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SUMMARY

We tested the hypothesis that treatment of growing, susceptible (to hip dysplasia) pups by im administration of glycosaminoglycan polysulfates would mitigate the signs of incipient hip dysplasia. In 1 experiment, 7 pups, selected at random from 2 litters, were administered glycosaminoglycan polysulfates (2.5 mg/kg of body weight, im) twice weekly, and 7 control pups from the same litters were given sterile buffered 0.9% saline solution from the age of 6 weeks to 8 months. Hip joints were examined by radiography, with pups in the standard, limbs-extended position. At 8 months of age, all pups in this experiment did not manifest femoral head subluxation radiographically. The Norberg angle, a measure of coxofemoral congruity, improved from a mean ± sem value of 102° ± 1° in controls to 106° ± 1° in treated pups (P = 0.008). Pups were not subjected to necropsy.

In the second experiment, 8 pups were selected at random from 2 litters and were administered 5 mg of glycosaminoglycan polysulfates/kg, im, twice weekly from 6 weeks to 8 months of age. Similarly, 8 control pups were administered saline solution. At 8 months of age, hip joints were examined by radiography with pups in the standard position; at necropsy, intra-articular tissues were evaluated macroscopically and biochemically. Of 8 treated pups, none had subluxation radiographically, whereas 4 of 8 control dogs had femoral head subluxation. Mean Norberg angle on the radiographs was 109.7° ± 1.6° for the treated group and was 101.5° ± 1.6° for controls, representing a mean improvement in coxofemoral congruity of 8.2° in the treated pups. The radiographic diagnosis (normal vs dysplastic) and the Norberg angle measurements were significantly (P = 0.04 and 0.002, respectively) different for treated and control pups.

At necropsy, 1 of 8 treated pups had cartilage degeneration, whereas 4 of 8 control pups had cartilage degeneration. The mean pathologic score determined for the hip joints of treated pups was 1.6 ± 0.8, whereas for those of controls, the score was 3.3 ± 1.2 (P = 0.09). Normal (disease-free) pups had hip pathologic scores of zero. The mean fibronectin content of femoral head articular cartilage was reduced from 2.19 ± 0.61 μg/mg in nontreated pups to 0.59 ± 0.56 μg/mg for treated pups (P = 0.04).

Fibronectin content was used as a measure of the extent of cartilage degeneration, and the cartilage of disease-free hip joints contained 0.32 ± 0.03 μg/mg. The mean proteoglycan content of the cartilage was unaffected by drug treatment. A trend was evident for lower synovial fluid volume and lower ligament volume (more normal volumes) in treated pups, but the differences were not statistically significant.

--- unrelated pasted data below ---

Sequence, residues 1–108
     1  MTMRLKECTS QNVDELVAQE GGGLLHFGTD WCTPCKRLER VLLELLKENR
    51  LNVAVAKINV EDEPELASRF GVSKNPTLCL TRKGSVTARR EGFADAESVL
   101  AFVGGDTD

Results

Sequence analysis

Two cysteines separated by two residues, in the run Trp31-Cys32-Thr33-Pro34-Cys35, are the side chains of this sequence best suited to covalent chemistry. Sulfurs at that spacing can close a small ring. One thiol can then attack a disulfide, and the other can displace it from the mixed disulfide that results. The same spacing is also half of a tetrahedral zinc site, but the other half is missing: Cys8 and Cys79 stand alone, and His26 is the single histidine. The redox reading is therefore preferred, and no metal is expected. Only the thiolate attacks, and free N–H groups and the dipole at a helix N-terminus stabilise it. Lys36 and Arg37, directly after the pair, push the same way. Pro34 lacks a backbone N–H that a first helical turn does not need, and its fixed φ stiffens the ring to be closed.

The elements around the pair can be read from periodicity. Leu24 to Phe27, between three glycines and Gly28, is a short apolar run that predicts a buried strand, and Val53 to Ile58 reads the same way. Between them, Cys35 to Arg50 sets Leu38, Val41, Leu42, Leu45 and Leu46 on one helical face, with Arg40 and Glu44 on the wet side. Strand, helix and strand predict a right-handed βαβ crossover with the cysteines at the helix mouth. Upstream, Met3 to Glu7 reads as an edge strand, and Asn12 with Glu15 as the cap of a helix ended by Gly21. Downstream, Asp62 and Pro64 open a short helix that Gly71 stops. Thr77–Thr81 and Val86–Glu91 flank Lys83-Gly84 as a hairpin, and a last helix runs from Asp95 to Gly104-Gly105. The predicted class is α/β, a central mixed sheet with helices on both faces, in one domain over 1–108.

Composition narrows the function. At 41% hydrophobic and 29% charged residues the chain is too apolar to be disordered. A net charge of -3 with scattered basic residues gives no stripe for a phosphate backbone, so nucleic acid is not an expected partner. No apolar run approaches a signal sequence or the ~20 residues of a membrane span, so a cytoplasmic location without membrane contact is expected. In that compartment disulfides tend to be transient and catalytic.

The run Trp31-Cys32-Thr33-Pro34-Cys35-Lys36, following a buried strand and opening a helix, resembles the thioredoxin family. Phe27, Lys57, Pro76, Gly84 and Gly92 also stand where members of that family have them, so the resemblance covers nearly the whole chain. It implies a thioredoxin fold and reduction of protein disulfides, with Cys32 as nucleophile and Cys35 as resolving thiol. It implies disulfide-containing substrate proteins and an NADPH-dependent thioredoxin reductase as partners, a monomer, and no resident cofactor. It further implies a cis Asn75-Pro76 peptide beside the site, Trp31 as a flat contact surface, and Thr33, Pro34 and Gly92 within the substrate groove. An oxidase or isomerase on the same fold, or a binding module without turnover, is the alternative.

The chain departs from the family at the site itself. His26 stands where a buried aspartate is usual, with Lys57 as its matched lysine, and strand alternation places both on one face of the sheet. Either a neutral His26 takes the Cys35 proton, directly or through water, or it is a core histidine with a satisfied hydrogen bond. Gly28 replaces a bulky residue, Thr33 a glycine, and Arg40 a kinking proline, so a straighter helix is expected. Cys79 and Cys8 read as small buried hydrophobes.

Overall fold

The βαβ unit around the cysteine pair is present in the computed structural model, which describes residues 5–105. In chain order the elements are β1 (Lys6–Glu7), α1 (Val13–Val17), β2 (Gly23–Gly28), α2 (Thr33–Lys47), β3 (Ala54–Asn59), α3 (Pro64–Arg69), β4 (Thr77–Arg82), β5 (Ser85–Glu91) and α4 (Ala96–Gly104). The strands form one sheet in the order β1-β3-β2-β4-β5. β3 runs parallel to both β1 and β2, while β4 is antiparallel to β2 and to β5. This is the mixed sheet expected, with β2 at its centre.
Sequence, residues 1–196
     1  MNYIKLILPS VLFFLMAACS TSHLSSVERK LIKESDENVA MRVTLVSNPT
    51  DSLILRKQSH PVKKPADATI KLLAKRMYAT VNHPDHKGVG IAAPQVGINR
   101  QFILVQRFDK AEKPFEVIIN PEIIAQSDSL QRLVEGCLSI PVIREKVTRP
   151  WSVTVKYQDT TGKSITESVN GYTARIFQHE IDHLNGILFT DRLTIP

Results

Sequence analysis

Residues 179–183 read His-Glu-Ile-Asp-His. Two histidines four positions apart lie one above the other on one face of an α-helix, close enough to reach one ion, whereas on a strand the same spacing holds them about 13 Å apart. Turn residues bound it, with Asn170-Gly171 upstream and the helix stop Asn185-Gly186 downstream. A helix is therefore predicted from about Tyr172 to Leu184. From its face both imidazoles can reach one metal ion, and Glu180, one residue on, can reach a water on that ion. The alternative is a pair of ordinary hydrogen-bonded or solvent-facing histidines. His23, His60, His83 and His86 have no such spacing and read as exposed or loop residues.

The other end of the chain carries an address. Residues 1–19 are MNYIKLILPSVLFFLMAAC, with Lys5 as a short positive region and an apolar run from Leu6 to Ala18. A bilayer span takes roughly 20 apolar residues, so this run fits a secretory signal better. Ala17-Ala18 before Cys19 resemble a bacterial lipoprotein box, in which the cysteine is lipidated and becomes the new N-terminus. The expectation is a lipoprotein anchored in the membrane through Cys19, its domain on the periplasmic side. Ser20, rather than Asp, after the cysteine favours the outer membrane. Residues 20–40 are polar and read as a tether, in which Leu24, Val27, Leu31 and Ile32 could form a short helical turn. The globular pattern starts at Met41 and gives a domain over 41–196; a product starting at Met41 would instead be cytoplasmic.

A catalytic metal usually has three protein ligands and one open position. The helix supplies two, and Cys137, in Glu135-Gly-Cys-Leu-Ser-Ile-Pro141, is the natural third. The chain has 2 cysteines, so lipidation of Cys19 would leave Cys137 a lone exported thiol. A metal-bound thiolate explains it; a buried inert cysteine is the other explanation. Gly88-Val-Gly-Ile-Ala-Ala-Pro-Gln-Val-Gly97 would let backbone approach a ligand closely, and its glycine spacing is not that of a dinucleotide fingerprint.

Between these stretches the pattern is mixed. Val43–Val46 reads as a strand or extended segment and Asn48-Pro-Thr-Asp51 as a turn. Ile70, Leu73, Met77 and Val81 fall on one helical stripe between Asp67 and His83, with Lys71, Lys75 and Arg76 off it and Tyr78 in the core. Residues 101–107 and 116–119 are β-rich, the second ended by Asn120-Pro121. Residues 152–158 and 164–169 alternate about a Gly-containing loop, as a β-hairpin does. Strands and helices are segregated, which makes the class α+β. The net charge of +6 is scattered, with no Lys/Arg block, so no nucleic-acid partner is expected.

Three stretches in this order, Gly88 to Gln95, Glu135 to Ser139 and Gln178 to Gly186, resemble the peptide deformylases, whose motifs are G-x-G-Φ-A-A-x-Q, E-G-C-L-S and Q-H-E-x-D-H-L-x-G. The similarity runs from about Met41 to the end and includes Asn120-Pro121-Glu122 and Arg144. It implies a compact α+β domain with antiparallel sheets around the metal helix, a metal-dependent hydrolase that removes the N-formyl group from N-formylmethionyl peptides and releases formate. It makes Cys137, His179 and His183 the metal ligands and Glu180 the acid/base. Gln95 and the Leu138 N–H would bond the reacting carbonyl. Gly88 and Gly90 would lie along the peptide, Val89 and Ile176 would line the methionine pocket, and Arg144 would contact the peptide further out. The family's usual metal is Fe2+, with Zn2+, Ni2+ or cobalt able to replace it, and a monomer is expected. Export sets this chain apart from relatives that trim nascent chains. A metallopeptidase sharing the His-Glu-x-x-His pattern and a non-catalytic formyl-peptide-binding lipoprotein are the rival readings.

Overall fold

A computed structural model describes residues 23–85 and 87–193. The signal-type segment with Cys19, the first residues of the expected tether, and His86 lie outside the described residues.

Hip joint laxity was assessed by use of a distraction method during radiogaphy of pups in experiments 1 and 2. The differences in laxity determinations between the treated and control pups were not statistically significant.

Taken together, the data indicated that im administration of gycosaminoglycan polysulfates from 6 weeks to 8 months of age in growing pups that were susceptible to hip dysplasia resulted in less subluxation, as determined from the standard radiographic projection. Treated pups had closer coxofemoral congruity when they were 8 months old (P < 0.05); at necropsy, the joint pathologic scores of treated pups indicated a trend toward improvement (P < 0.09), but the differences were not statistically significant. The mechanism of action for this drug effect is unknown.

Free access
in American Journal of Veterinary Research

Abstract

Objective

To isolate mesenchymal stem cells from adult horses and determine specific monolayer culture conditions required to enhance biochemically and phenotypically defined chondrocytic differentiation.

Animals

2 adult horse bone marrow donors without skeletal or hematologic abnormalities.

Procedure

Bone marrow was aspirated from the sternebra, and mesenchymal stem cells were isolated by centrifugation and cultured in monolayers. Subcultures were established in 24-well plates on day 13. Culture medium was harvested every 2 days, and culture of 12 of the 24 wells was terminated on day 6 and of the remaining wells on day 12. Medium proteoglycan content was determined for all samples, and proteoglycan monomeric size was determined for pooled samples from days 2-6 and 8-12. Total nucleated cell numbers were determined at culture termination on days 6 and 12. Histologic, histochemical, and collagen immunohistochemical analyses of multiwell chamber slides harvested on day 6 or 12 were performed.

Results

Mesenchymal cells were an abundant cellular constituent of bone marrow aspirates, and separation of hematopoietic elements was achieved by centrifugation and delayed medium exchange. The remaining mesenchymal stem cells progressed from large, spindyloid, fibroblastic-appearing cells to a rounder shaped cell which formed colony plaques; isolated cells remained more spindyloid. Mesenchymal cell transformation toward a chondrocytic phenotype was verified by a shift in expression from collagen type I to type II, and an increase in quantity and molecular size of proteoglycans synthesized over time.

Conclusions

Mesenchymal stem cells obtained from adult horses have the capacity to undergo chondrogenic differentiation in monolayer cultures and may provide a locally recruitable or transplantable autogenous cell source for articular cartilage repair. (Am J Vet Res 1998;59:1182-1187).

Free access
in American Journal of Veterinary Research

Objective

To determine effect of time of sample collection on serum thyrotropin (canine thyroid-stimulating hormone [cTSH]) concentrations in euthyroid and hypothyroid dogs.